From the Archives: CFF – Bloody Knuckles review

From the Archives: CFF – Bloody Knuckles review

In the interest of getting “hard” copies of my work under one roof, I plan to spend the next few weeks posting the entire archive of my film journalism here on ScullyVision. With due respect to the many publications I’ve written for, the internet remains quite temporary, and I’d hate to see any of my work disappear for digital reasons. As such, this gargantuan project must begin! I don’t want to do it. I hate doing it. But it needs to be done. Please note that my opinions, like everyone’s, have changed a LOT since I started, so many of these reviews will only represent a snapshot in time. Objectivity has absolutely no place in film criticism, at least not how I do it. 

Without further ado, I present to you: FROM THE ARCHIVES.
Originally posted on Cinema76.

“Nobody has the right not to be offended”. That’s the tagline for Bloody Knuckles, the latest in a long line of “disembodied hand with a mind of its own” movies, from writer/director, Matt O’ Mahoney. Bloody Knuckles is a Troma-esque horror comedy in which Travis, an underground comic artist, pisses off a powerful crime boss who proceeds to remove Travis’ drawing hand as punishment. Travis reacts by gunning for rock bottom, drinking his pain away and receding into the lifestyle of an angry hermit … until his newly single hand comes back from the dead and begins to get involved in his affairs.

To call it obtusely Troma-esque is a bit unfair, I guess. Whereas both Bloody Knuckles and a large portion of Troma’s work are wonderful showcases for gore effects, crass humor, and the waving of an anti-censorship flag, Bloody Knuckles is a bit more focused with its message (and its production values are markedly higher), and in the midst of a national conversation on censorship (launched by The Interview, the Sony Hack, Charlie Hebdo, etc), very relevant. Travis creates his comics with pointed abandon citing that if the most effed-up speech is protected and free, then the freedoms of normal folk are almost assuredly intact.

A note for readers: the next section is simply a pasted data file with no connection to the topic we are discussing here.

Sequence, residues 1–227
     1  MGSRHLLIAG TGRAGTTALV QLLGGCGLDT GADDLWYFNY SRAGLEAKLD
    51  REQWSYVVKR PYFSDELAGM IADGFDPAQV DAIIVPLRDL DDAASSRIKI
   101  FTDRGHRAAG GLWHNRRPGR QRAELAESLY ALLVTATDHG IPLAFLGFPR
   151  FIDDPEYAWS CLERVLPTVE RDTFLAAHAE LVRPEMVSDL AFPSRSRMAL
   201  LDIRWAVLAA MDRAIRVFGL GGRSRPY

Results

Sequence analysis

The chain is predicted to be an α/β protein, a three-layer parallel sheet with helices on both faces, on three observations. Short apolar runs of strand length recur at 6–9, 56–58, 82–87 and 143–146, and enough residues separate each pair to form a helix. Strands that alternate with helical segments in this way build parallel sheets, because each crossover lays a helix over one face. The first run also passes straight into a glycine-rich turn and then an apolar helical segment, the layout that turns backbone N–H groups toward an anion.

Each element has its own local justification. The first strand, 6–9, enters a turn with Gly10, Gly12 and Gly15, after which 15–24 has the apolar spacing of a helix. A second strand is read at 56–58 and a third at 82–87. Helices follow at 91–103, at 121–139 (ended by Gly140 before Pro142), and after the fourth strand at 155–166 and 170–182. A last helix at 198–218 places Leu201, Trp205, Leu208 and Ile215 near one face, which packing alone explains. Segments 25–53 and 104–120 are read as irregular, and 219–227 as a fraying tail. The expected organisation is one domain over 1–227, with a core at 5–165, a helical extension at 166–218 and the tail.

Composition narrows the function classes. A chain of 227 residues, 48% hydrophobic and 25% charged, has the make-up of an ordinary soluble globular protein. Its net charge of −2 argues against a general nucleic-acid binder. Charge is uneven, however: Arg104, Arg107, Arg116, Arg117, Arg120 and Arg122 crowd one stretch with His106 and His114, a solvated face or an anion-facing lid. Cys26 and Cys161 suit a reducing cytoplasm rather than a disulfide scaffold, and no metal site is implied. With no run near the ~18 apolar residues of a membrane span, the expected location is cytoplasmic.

While there are a hundred different ways to depict a sentient hand on screen, one would assume that without a large budget, a filmmaker is limited to the most schlocky methods. In the case of Bloody Knuckles, there is a solid mix of both practical and CG methods being employed to bring the hand to life. There are as many instances of an off-screen actor reaching into frame as there are full-on CG sequences of the hand “running” around and wreaking general havoc. All are effective and none appear cheap which, given the film’s meager budget, is a huge hurdle to clear.

What makes Bloody Knuckles distinctly different than all other films of the “killer hand” variety is that in this case, the hand is not an adversary of its former body, but rather a friend, and moreover, a voice of reason (to an extent). By tweaking this general conceit the film feels fresh while still offering up the same fun as Idle Hands, Evil Dead 2, et cetera.


Bloody Knuckles satisfies almost every entry on my subconscious genre film check list:

– Gruesome head crushing? Check.

– A beverage which causes the drinker to melt into colorful goo? Check.

– a BDSM superhero unleashing a “tornado of rage” upon all of those responsible for his boyfriend’s beheading? Check.

This is the type of movie best enjoyed in a packed theater with fellow gore hounds and horror junkies. And if you’re the type of lame-o to be offended by this kind of thing, that’s fine, but WE’RE WATCHING IT ANYWAY!

Bloody Knuckles has its Philadelphia premiere on Wednesday April 22 as part of the Cinedelphia Film Festival. Event info and tickets here.

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